Feeding off the positive energy, flashing of cameras and fast-paced competition, Mia Rooks helped her team bring home a trophy in the third annual life skills olympics.

At the same time, the competition will help the 17-years-old with her transition plan of attending a four-year university to pursue a degree in social work.

“It was an exciting energy, this is my second year going but my first year participating in it last year, I went and I cheered the team on,” Rooks said, “and this year, it was exciting. It’s very loud, but it’s a great energy and it’s nice being there with them.”

The junior at High Road School of Sussex County is one of a few dozen that competed in the event involving six High Road Schools across Maryland and Delaware.

Southern Delaware was the year’s winning team composed of students from the High Road School of Sussex County in Georgetown and the High Road School of Southern Delaware in Felton.

“Our transition team all comes together and we throw our ideas for what we think would be sufficient for life skills training,” said Dan Jones, transition coordinator at both the Georgetown and Felton High Roads Schools. “We went with some old competitions and then we tried to spice it up a little bit because students could get used to certain things and then it was too easy, so we want to make it a little bit challenging.”

He said the challenges were based on what staff knows the schools’ students have difficulties with.

At this year’s olympics, taking place at the High Road School of Cecil County in Maryland, students participated in seven challenges, including:

  • Clean-Up Challenge
  • Speed Interviewing
  • Menu Math
  • Hanging, Folding, Buttoning Clothes
  • Dishwasher Challenge

The lighthearted event is part of the programming designed to give students at these schools an opportunity to participate in true-to-life jobs within the school setting.

The end goal of the program is to develop the students’ employment skills and social skills in order to maximize their potential for success in the real world.

“The first one we did was a cleanup challenge, where they had to sweep, they had to use their hand-eye coordination to get it in the dustpan and then into the trash can,” said Morgan Facciola, transition coordinator at the High Road School of Cecil County.

The menu math challenge tasked students with picking items off a food menu to order and making sure they have the correct amount of money to pay as well as ensuring the correct change is given back to them.

“There’s typically a transition coordinator or staff member at each station that gives the kids an ‘okay’ to move on to the next one and they carry around a baton to each station, that way it shows that they completed each station,” Facciola said.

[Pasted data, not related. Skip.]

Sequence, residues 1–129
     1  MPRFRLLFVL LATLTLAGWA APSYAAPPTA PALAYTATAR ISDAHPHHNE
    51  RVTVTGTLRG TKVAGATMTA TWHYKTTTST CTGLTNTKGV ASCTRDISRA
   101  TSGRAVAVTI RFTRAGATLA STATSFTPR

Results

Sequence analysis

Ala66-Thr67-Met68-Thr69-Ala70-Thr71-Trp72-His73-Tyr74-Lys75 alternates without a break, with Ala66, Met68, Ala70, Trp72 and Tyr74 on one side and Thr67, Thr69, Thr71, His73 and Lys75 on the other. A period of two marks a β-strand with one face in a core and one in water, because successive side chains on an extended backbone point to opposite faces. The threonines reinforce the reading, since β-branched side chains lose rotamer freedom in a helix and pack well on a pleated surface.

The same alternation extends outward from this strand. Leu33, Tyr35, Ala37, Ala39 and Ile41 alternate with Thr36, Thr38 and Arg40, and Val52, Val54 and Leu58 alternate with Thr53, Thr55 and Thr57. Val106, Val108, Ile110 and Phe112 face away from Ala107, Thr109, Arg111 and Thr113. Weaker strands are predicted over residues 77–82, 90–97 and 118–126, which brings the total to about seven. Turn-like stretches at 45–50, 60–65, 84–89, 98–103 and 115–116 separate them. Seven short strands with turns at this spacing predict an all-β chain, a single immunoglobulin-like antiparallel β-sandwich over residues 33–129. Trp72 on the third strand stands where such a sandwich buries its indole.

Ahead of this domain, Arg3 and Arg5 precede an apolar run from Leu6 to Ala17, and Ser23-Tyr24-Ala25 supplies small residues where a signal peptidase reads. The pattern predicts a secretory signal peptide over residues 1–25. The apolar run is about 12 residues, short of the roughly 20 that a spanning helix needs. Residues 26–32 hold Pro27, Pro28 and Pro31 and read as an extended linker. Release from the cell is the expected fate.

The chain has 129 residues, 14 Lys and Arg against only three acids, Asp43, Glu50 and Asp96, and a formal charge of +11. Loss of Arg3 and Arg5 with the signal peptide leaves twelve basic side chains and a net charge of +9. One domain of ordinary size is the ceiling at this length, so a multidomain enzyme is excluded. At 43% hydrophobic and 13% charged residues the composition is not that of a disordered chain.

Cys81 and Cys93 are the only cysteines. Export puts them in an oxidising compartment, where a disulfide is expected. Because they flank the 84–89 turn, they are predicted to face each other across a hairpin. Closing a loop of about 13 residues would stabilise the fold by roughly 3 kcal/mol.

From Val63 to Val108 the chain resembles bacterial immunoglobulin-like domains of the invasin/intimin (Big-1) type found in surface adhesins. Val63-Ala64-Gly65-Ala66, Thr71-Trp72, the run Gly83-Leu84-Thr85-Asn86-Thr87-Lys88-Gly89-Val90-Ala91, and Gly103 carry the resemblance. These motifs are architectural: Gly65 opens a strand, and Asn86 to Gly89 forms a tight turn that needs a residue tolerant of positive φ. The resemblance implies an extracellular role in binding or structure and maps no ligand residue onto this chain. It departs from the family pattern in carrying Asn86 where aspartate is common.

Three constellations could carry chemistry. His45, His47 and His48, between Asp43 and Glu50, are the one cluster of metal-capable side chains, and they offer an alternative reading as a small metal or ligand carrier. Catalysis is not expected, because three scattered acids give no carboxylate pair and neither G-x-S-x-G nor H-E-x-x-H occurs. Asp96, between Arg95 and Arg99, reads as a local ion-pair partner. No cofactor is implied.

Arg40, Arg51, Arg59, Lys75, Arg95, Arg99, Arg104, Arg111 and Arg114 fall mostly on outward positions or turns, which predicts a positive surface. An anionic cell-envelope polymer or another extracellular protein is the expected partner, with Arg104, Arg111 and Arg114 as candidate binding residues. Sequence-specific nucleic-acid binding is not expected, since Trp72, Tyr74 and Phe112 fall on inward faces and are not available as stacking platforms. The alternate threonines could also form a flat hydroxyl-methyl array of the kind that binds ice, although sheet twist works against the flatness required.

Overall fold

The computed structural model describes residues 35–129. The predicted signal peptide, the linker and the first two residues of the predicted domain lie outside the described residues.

The speed interview station helped enforce proper etiquette.

Students would give the interviewer a handshake, make eye contact throughout, answer three questions typical to a job interview, as well as picking out an appropriate female and male outfit to wear.

The dishwasher challenge aimed to make sure students knew how to sort dishware by putting dishes in a dish strain appropriately without them falling over or breaking.

Another challenge involved wants versus needs, where students had a certain number of items from a fish bowl and had to place them in the proper category of either a want or a need.

Wesley Washington, an assistant transition coordinator at High Road School of Southern Delaware, said the competition helps develop the minds of students, both academically but also as a holistic person.

“Especially for our older kids, because coming out of high school, they won’t give you like the pamphlet on how to live, how to pay bills, how to organize your clothes or anything like that,” he said. “Most of the time in school, they just teach you math, science, reading, the regular curriculum.”

The life skills olympics, he said, helps the students get a head start on what life is going to be like when they graduate from school.

The High Roads Schools serve students who have intellectual emotional disabilities as well as those on the autism spectrum.

“They all have IEP, so individualized education programs, which pretty much rechart their objectives and their goals, as well as what they’re going to do for career readiness at our school,” Jones said.

Rooks, who’s been in the High Roads School for four years, said the life skills olympics is one of the best events at the school each year, one she and her peers look forward to.

The event that was most challenging for her was the math menu one where she had to get the proper change back for her order.

Her favorite was the hanging, folding and buttoning clothes challenge.

“It’s very time-constricting because you’re under a timer,” she said. “Buttoning them is really hard and missing a button and replacing it is hard, but I thought that was really fun.”

Rooks, whose smile and positive energy is contagious, said the olympics presented life skills that everyone, regardless of ability, can improve on, use in the real world, and have under their belt to better themselves.

“Most of them are things we do daily, like you go to a store, you order food or you hang up your clothes, you wash clothes, you have to put your dishes away,” she said. “It’s daily stuff, so I need to learn these things.”